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1.  Protective Role of Murine β-Defensins 3 and 4 and Cathelin-Related Antimicrobial Peptide in Fusarium solani Keratitis 
Infection and Immunity  2013;81(8):2669-2677.
Antimicrobial peptides (AMPs), such as β-defensins and cathelicidins, are essential components of innate and adaptive immunity owing to their extensive multifunctional activities. However, their role in fungal infection in vivo remains elusive. In this study, we investigated the protective effect of murine β-defensin 3 (mBD3), mBD4, and the cathelicidin cathelin-related antimicrobial peptide (CRAMP) in a murine model of Fusarium solani keratitis. C57BL/6 mice showed significant corneal disease 1 and 3 days after infection, which was accompanied by enhanced expression of β-defensins and CRAMP. Disease severity was significantly improved 7 days after infection, at which time AMP expression was returning to baseline. Mice deficient in mBD3 (genetic knockout), mBD4 (short interfering RNA knockdown), or CRAMP (genetic knockout) exhibited enhanced disease severity and progression, increased neutrophil recruitment, and delayed pathogen elimination compared to controls. Taken together, these data suggest a vital role for AMPs in defense against F. solani keratitis, a potentially blinding corneal disease.
doi:10.1128/IAI.00179-13
PMCID: PMC3719577  PMID: 23670560
2.  Expression and activation of the oxytocin receptor in airway smooth muscle cells: Regulation by TNFα and IL-13 
Respiratory Research  2010;11(1):104.
Background
During pregnancy asthma may remain stable, improve or worsen. The factors underlying the deleterious effect of pregnancy on asthma remain unknown. Oxytocin is a neurohypophyseal protein that regulates a number of central and peripheral responses such as uterine contractions and milk ejection. Additional evidence suggests that oxytocin regulates inflammatory processes in other tissues given the ubiquitous expression of the oxytocin receptor. The purpose of this study was to define the role of oxytocin in modulating human airway smooth muscle (HASMCs) function in the presence and absence of IL-13 and TNFα, cytokines known to be important in asthma.
Method
Expression of oxytocin receptor in cultured HASMCs was performed by real time PCR and flow cytomery assays. Responses to oxytocin was assessed by fluorimetry to detect calcium signals while isolated tracheal rings and precision cut lung slices (PCLS) were used to measure contractile responses. Finally, ELISA was used to compare oxytocin levels in the bronchoalveloar lavage (BAL) samples from healthy subjects and those with asthma.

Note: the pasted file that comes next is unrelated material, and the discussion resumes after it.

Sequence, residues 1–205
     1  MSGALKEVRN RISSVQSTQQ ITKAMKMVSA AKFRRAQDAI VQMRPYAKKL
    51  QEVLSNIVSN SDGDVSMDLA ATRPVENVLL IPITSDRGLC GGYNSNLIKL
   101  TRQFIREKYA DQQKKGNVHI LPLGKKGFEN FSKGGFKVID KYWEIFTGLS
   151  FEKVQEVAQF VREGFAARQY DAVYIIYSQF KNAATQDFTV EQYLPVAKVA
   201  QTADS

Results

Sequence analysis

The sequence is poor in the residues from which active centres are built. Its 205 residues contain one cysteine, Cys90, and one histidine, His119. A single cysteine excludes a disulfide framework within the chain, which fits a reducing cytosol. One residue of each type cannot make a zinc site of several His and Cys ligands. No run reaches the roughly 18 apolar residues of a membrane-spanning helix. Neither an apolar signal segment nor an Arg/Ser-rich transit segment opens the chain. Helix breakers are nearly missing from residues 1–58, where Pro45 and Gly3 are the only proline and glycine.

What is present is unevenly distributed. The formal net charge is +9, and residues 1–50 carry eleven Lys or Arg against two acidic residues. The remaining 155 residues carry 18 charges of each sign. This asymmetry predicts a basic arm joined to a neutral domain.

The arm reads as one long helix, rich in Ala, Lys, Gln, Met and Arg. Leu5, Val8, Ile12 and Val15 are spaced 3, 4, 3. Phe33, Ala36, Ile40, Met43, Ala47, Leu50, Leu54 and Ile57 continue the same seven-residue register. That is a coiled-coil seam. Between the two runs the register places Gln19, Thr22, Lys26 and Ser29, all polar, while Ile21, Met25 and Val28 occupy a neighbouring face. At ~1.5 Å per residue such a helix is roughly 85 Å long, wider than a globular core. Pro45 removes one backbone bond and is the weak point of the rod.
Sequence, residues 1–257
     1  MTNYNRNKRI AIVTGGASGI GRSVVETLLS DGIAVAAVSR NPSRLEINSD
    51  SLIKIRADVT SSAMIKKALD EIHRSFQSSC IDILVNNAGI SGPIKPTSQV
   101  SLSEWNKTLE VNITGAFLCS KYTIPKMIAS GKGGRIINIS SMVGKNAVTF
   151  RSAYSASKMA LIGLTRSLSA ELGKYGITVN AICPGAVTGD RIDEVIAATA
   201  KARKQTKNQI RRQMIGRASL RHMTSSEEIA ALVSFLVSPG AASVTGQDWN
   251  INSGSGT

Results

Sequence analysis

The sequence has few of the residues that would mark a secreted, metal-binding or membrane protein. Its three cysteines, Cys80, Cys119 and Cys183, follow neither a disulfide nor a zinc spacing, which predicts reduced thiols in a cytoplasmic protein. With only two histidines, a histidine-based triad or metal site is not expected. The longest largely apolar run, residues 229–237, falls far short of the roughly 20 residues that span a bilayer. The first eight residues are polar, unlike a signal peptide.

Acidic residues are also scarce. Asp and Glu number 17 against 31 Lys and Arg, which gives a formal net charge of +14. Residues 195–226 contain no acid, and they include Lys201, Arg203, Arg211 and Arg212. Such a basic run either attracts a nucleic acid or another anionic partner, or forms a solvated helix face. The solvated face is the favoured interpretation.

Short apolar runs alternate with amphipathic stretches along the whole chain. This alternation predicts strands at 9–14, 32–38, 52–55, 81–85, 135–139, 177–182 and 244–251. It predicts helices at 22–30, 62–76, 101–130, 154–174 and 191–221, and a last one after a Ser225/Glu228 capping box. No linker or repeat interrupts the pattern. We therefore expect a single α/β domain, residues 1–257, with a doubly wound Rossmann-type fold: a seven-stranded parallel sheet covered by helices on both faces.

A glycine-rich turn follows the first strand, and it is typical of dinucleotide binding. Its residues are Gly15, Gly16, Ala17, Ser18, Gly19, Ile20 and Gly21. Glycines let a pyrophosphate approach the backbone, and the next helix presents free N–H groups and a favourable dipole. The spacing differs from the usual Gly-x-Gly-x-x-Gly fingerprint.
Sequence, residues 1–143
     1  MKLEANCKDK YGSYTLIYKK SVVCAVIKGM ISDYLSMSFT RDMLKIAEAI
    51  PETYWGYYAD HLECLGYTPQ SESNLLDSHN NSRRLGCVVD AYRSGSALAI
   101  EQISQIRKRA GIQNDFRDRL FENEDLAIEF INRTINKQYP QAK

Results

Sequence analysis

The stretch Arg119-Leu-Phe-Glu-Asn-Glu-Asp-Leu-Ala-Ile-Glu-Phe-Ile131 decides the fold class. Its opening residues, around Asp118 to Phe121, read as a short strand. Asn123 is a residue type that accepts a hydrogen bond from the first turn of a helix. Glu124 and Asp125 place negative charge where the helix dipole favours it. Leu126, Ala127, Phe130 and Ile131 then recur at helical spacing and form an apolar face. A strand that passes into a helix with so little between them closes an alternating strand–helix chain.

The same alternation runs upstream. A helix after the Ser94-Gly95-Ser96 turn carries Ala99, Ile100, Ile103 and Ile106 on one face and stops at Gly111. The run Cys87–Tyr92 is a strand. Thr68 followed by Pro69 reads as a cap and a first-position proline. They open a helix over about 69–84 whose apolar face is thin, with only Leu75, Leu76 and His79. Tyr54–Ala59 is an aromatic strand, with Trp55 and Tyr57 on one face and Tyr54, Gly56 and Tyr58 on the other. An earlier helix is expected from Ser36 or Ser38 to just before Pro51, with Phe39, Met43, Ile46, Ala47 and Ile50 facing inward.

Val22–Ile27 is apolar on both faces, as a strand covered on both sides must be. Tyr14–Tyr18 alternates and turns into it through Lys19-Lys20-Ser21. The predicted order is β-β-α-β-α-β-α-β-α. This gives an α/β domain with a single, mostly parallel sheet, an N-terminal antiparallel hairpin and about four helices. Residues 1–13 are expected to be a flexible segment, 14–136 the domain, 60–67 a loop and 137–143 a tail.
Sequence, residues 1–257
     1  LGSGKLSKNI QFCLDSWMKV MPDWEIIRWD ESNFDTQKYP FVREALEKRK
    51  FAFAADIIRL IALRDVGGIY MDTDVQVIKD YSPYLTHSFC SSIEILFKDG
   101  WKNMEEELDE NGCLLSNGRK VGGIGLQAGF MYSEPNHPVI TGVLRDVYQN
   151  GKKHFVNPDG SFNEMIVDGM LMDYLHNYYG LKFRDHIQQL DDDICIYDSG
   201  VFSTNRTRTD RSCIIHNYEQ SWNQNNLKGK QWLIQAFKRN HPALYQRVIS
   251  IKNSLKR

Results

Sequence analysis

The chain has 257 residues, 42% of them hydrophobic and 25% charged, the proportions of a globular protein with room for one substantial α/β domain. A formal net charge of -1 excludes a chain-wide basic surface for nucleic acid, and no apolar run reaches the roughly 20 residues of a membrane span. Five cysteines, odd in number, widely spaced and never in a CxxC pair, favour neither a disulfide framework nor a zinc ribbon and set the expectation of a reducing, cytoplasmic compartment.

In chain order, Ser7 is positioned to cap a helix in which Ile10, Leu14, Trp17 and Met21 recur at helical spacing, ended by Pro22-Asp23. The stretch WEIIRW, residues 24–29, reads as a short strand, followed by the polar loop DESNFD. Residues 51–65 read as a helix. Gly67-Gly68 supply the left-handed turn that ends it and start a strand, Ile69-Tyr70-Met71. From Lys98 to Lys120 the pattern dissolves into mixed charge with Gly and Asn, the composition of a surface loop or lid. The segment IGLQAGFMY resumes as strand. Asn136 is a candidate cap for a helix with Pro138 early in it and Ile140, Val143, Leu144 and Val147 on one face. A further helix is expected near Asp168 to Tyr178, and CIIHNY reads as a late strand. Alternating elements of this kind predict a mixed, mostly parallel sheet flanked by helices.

Results
PCR analysis demonstrates that OXTR is expressed in HASMCs under basal conditions and that both interleukin (IL)-13 and tumor necrosis factor (TNFα) stimulate a time-dependent increase in OXTR expression at 6 and 18 hr. Additionally, oxytocin increases cytosolic calcium levels in fura-2-loaded HASMCs that were enhanced in cells treated for 24 hr with IL-13. Interestingly, TNFα had little effect on oxytocin-induced calcium response despite increasing receptor expression. Using isolated murine tracheal rings and PCLS, oxytocin also promoted force generation and airway narrowing. Further, oxytocin levels are detectable in bronchoalveolar lavage (BAL) fluid derived from healthy subjects as well as from those with asthma.
Conclusion
Taken together, we show that cytokines modulate the expression of functional oxytocin receptors in HASMCs suggesting a potential role for inflammation-induced changes in oxytocin receptor signaling in the regulation of airway hyper-responsiveness in asthma.
doi:10.1186/1465-9921-11-104
PMCID: PMC2922094  PMID: 20670427
3.  Cytokines Induce an Early Steroid Resistance in Airway Smooth Muscle Cells 
We have previously shown that long-term treatment of airway smooth muscle (ASM) cells with a combination of TNF-α and IFN-γ impaired steroid anti-inflammatory action through the up-regulation of glucocorticoid receptor beta isoform (GRβ) (Mol Pharmacol 2006;69:588–596). We here found that steroid actions could also be suppressed by short-term exposure of ASM cells to TNF-α and IFN-γ (6 h) as shown by the abrogated glucocorticoid responsive element (GRE)-dependent gene transcription; surprisingly, neither GRα nuclear translocation nor GRβ expression was affected by cytokine mixture. The earlier induction of CD38, a molecule recently involved in asthma, seen with TNF-α and IFN-γ combination but not with cytokine alone, was also completely insensitive to steroid pretreatment. Chromatin-immunoprecipitation (IP) and siRNA strategies revealed not only increased binding of interferon regulatory factor 1 (IRF-1) transcription factor to CD38 promoter, but also its implication in regulating CD38 gene transcription. Interestingly, the capacity of fluticasone to completely inhibit TNF-α–induced IRF-1 expression, IRF-1 DNA binding, and transactivation activities was completely lost in cells exposed to TNF-α and IFN-γ in combination. This early steroid dysfunction seen with cytokine combination could be reproduced by enhancing IRF-1 cellular levels using constitutively active IRF-1, which dose-dependently inhibited GRE-dependent gene transcription. Consistently, reducing IRF-1 cellular levels using siRNA approach significantly restored steroid transactivation activities. Collectively, our findings demonstrate for the first time that IRF-1 is a novel alternative GRβ-independent mechanism mediating steroid dysfunction induced by pro-asthmatic cytokines, in part via the suppression of GRα activities.
doi:10.1165/rcmb.2007-0226OC
PMCID: PMC2274949  PMID: 17947510
transcription factor; glucocorticoid; inflammation; asthma; mesenchymal cells

Results 1-3 (3)